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I'm Matthew Somerfield, a freelance journalist focused on the technical elements of Formula One. It has been a pleasure to provide content via this site for the last 5 years, which has led me to several paid freelancing jobs along the way. I'm currently plying my trade with and working alongside the legend that is Giorgio Piola.

This has seen the content here diminish as a result and I'd like that to change. In order to accomplish this I need your financial support, as I need to break free of the shackles of doing this part time. If you like the content I've been producing and want more of it I'd ask that if you can spare some change each month it'd go a long way towards transforming this site into the technical behemoth I know it can be.

As such I've set up a 'tip jar' over on Patreon and will continue to set goals and rewards based on our success -

10 Jul 2014

Red Bull are never one to settle when it comes to the quest for performance and we often see huge changes from the car that starts the season to the one that ends it. Some changes however often appear very subtle, their change to the Front Wing's smaller, inner cascade for Silverstone is one such example.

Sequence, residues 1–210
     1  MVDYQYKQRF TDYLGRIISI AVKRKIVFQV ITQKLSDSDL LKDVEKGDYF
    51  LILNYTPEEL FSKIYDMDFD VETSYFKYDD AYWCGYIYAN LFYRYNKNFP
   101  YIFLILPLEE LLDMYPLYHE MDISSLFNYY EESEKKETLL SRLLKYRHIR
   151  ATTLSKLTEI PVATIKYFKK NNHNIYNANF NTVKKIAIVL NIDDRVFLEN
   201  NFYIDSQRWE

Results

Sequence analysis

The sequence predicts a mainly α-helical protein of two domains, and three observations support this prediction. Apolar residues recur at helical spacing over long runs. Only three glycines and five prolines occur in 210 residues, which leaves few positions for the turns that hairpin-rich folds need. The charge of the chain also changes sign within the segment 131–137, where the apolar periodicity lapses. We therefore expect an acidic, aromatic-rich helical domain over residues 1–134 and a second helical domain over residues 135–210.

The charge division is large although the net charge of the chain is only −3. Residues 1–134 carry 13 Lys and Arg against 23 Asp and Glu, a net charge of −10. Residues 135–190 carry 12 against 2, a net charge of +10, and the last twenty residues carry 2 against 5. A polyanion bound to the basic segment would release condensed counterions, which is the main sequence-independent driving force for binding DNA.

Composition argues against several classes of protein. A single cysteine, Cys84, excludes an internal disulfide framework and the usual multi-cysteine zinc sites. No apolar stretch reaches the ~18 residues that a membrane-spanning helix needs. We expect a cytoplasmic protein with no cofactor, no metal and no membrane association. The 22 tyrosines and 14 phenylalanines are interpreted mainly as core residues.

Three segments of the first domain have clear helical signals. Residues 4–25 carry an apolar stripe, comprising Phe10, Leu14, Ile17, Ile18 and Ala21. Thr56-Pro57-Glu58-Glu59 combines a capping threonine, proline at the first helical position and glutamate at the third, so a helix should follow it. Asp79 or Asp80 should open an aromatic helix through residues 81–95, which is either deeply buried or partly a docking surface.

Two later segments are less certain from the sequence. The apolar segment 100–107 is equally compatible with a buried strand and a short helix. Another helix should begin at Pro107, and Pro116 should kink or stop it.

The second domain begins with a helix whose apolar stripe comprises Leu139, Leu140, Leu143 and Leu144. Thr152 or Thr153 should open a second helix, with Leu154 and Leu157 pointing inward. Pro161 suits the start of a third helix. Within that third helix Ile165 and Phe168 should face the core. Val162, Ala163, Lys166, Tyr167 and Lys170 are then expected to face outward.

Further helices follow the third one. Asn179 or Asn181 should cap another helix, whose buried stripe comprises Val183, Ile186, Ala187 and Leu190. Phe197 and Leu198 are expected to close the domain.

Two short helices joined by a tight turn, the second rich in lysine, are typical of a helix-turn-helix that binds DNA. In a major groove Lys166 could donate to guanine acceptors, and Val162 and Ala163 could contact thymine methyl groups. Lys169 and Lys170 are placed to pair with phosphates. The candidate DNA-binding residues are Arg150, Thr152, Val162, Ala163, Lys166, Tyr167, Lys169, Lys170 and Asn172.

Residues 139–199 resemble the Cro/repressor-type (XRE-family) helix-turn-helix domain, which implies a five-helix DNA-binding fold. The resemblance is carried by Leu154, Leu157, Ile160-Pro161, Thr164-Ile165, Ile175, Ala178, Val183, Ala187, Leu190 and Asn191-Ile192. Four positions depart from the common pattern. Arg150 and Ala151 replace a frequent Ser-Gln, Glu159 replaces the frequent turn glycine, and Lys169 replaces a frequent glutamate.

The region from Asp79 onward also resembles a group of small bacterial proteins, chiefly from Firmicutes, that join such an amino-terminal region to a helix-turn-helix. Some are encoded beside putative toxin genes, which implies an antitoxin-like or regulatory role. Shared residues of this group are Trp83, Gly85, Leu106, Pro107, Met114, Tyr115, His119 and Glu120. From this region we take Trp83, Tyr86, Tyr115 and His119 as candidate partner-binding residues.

For some time now the cascade has remained in a state of only minor flux with the leading and trailing edges seeing the most action in terms of adjustment. For Silverstone though the team completely split the already two piece element by creating a divide in the inner endplate (old one inset). On the face of it the change seems rather minor but just goes to show how the team believe even small changes can have much larger effects. The front wing after all is the first component to 'see' the airflow, with these smaller cascades helping to control the airflow around the front tyre and brake ducts.

The serration of the inner endplate is likely to aid the cascade in yaw, helping to attain the desired effect over a wider speed threshold. It's something that other teams have already done this season (Ferrari, McLaren etc) and so is just another area where Red Bull are making leaps forward by learning lessons from others.

Having introduced an inboard endplate control vane several races ago to help with the way in which the airflow interacts and traverses the front tyre, the team revised it's design for Silverstone (circled), adopting a Z shaped vane. The Z shaping makes the vertical section act like an endplate, increasing its aspect ratio whilst the uppermost horizontal section is shaped to define the trajectory the vortex the component induces.


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